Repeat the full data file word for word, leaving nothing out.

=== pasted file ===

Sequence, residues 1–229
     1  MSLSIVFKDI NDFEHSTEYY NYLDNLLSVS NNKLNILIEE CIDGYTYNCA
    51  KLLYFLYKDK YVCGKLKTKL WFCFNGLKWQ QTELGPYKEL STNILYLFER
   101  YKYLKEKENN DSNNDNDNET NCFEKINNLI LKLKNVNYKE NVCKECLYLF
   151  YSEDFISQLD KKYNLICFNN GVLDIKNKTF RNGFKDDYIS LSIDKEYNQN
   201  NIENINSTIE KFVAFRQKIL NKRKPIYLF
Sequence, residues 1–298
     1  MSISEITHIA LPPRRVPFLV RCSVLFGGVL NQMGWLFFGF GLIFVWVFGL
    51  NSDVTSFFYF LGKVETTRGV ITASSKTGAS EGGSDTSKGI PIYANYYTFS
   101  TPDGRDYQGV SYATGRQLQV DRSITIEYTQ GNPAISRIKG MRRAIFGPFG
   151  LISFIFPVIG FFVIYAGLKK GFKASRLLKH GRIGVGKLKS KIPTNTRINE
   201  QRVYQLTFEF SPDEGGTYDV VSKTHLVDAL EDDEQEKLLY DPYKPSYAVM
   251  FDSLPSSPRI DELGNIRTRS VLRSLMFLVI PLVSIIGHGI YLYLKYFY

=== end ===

Sequence, residues 1–229
     1  MSLSIVFKDI NDFEHSTEYY NYLDNLLSVS NNKLNILIEE CIDGYTYNCA
    51  KLLYFLYKDK YVCGKLKTKL WFCFNGLKWQ QTELGPYKEL STNILYLFER
   101  YKYLKEKENN DSNNDNDNET NCFEKINNLI LKLKNVNYKE NVCKECLYLF
   151  YSEDFISQLD KKYNLICFNN GVLDIKNKTF RNGFKDDYIS LSIDKEYNQN
   201  NIENINSTIE KFVAFRQKIL NKRKPIYLF
Sequence, residues 1–298
     1  MSISEITHIA LPPRRVPFLV RCSVLFGGVL NQMGWLFFGF GLIFVWVFGL
    51  NSDVTSFFYF LGKVETTRGV ITASSKTGAS EGGSDTSKGI PIYANYYTFS
   101  TPDGRDYQGV SYATGRQLQV DRSITIEYTQ GNPAISRIKG MRRAIFGPFG
   151  LISFIFPVIG FFVIYAGLKK GFKASRLLKH GRIGVGKLKS KIPTNTRINE
   201  QRVYQLTFEF SPDEGGTYDV VSKTHLVDAL EDDEQEKLLY DPYKPSYAVM
   251  FDSLPSSPRI DELGNIRTRS VLRSLMFLVI PLVSIIGHGI YLYLKYFY